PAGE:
Background ReadingsEdit

  • Negative Emissions Technologies and Reliable Sequestration: A Research Agenda. [3]
  • Direct Air Capture of Carbon Dioxide: ICEF Roadmap 2018 [4]

Online Courses and Course MaterialsEdit

  • Introduction to CO2 sequestration for negative emissions, lecture by Sally Benson at the International Conference on Negative CO2 Emissions [link]

CommunityEdit

Libraries and ToolsEdit

DataEdit

ReferencesEdit

  1. Fuss, Sabine; Canadell, Josep G.; Peters, Glen P.; Tavoni, Massimo; Andrew, Robbie M.; Ciais, Philippe; Jackson, Robert B.; Jones, Chris D.; Kraxner, Florian; Nakicenovic, Nebosja; Le Quéré, Corinne (2014-10). "Betting on negative emissions". Nature Climate Change. 4 (10): 850–853. doi:10.1038/nclimate2392. ISSN 1758-6798. Check date values in: |date= (help)
  2. Gasser, T.; Guivarch, C.; Tachiiri, K.; Jones, C. D.; Ciais, P. (2015-08-03). "Negative emissions physically needed to keep global warming below 2 °C". Nature Communications. 6 (1): 1–7. doi:10.1038/ncomms8958. ISSN 2041-1723.
  3. 3.0 3.1 3.2 National Academies of Sciences, Engineering (2018-10-24). Negative Emissions Technologies and Reliable Sequestration: A Research Agenda. ISBN 978-0-309-48452-7.
  4. 4.0 4.1 4.2 ICEF. "Direct Air Capture of Carbon Dioxide: ICEF Roadmap 2018". www.icef-forum.org. Retrieved 2020-09-12.
  5. "ShieldSquare Captcha". stacks.iop.org. Retrieved 2020-09-12.
  6. Fuss, Sabine; Lamb, William F.; Callaghan, Max W.; Hilaire, Jérôme; Creutzig, Felix; Amann, Thorben; Beringer, Tim; Garcia, Wagner de Oliveira; Hartmann, Jens; Khanna, Tarun; Luderer, Gunnar (2018-05). "Negative emissions—Part 2: Costs, potentials and side effects". Environmental Research Letters. 13 (6): 063002. doi:10.1088/1748-9326/aabf9f. ISSN 1748-9326. Check date values in: |date= (help)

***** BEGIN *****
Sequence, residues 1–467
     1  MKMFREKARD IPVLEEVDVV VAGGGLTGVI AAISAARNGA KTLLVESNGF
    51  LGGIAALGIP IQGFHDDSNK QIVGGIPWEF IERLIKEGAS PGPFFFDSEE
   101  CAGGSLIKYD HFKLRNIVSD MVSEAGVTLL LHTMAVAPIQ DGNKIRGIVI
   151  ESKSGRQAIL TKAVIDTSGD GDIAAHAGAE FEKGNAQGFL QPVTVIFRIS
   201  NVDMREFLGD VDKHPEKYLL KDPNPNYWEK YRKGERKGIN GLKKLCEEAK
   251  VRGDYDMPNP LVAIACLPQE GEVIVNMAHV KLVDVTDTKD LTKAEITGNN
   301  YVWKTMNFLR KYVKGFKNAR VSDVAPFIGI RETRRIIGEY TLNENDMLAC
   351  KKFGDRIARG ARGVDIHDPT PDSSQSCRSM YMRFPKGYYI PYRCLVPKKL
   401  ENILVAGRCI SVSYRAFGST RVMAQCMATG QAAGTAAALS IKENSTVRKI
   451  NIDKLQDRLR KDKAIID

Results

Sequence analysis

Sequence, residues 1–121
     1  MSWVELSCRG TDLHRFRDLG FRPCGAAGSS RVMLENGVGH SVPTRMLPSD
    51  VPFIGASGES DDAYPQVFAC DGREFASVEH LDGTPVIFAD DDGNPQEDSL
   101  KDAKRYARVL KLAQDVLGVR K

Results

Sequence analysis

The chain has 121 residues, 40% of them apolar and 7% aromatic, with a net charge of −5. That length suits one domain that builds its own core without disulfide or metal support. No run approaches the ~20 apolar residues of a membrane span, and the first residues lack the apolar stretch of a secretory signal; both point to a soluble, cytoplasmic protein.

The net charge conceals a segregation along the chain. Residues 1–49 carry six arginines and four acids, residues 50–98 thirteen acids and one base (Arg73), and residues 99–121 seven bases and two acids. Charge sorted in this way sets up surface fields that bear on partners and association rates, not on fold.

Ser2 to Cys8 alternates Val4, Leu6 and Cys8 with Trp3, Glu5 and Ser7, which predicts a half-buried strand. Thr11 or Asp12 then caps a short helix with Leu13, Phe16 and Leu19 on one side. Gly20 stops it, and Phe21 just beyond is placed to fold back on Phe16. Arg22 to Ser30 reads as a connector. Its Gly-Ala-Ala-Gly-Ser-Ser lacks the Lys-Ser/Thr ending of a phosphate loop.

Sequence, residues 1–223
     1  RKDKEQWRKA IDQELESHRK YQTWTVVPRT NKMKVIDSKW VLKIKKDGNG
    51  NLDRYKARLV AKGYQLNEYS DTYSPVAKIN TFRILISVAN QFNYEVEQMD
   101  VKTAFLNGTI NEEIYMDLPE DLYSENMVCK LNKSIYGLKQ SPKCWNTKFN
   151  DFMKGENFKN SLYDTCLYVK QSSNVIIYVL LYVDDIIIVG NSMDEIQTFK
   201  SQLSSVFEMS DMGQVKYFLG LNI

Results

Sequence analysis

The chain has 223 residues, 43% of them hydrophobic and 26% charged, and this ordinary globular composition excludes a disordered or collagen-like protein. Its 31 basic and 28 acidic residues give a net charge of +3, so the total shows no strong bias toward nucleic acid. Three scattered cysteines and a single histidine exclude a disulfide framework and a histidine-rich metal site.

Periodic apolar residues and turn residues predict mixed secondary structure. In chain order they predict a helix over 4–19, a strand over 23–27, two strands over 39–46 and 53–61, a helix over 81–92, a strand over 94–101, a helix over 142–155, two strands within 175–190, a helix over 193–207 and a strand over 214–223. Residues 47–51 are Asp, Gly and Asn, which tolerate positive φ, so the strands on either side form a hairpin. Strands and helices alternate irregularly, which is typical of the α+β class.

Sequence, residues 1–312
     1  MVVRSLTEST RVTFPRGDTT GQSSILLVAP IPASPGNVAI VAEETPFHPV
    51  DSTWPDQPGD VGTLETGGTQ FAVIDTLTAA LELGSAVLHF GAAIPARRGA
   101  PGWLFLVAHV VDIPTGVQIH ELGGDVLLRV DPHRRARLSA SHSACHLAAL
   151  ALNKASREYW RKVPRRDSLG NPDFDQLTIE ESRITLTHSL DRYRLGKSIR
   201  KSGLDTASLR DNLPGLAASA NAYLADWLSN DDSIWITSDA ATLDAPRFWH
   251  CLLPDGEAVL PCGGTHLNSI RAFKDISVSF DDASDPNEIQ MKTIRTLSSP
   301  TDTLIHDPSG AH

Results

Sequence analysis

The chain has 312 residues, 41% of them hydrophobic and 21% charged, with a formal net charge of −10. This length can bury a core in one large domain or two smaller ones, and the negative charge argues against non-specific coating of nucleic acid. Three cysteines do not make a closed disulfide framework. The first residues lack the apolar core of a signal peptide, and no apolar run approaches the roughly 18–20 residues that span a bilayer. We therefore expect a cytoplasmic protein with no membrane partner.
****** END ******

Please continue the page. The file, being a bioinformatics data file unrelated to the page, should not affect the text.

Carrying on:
7. "ShieldSquare Captcha". stacks.iop.org. Retrieved 2020-09-12.
  8. Araya-Polo, Mauricio; Jennings, Joseph; Adler, Amir; Dahlke, Taylor (2017-12-29). "Deep-learning tomography". The Leading Edge. 37 (1): 58–66. doi:10.1190/tle37010058.1. ISSN 1070-485X.
  9. Celia, M. A.; Bachu, S.; Nordbotten, J. M.; Bandilla, K. W. (2015). "Status of CO2 storage in deep saline aquifers with emphasis on modeling approaches and practical simulations". Water Resources Research. 51 (9): 6846–6892. doi:10.1002/2015WR017609. ISSN 1944-7973.
  10. Mo, Shaoxing; Zhu, Yinhao; Zabaras, Nicholas; Shi, Xiaoqing; Wu, Jichun (2019). "Deep Convolutional Encoder-Decoder Networks for Uncertainty Quantification of Dynamic Multiphase Flow in Heterogeneous Media". Water Resources Research. 55 (1): 703–728. doi:10.1029/2018WR023528. ISSN 1944-7973.
  11. Moriarty, Dylan; Dobeck, Laura; Benson, Sally (2014-01-01). "Rapid surface detection of CO2 leaks from geologic sequestration sites". Energy Procedia. 12th International Conference on Greenhouse Gas Control Technologies, GHGT-12. 63: 3975–3983. doi:10.1016/j.egypro.2014.11.427. ISSN 1876-6102.
  12. Chen, Bailian; Harp, Dylan R.; Lin, Youzuo; Keating, Elizabeth H.; Pawar, Rajesh J. (2018-09-01). "Geologic CO2 sequestration monitoring design: A machine learning and uncertainty quantification based approach". Applied Energy. 225: 332–345. doi:10.1016/j.apenergy.2018.05.044. ISSN 0306-2619.
  13. Chen, Bailian; Harp, Dylan R.; Lin, Youzuo; Keating, Elizabeth H.; Pawar, Rajesh J. (2018-09-01). "Geologic CO2 sequestration monitoring design: A machine learning and uncertainty quantification based approach". Applied Energy. 225: 332–345. doi:10.1016/j.apenergy.2018.05.044. ISSN 0306-2619.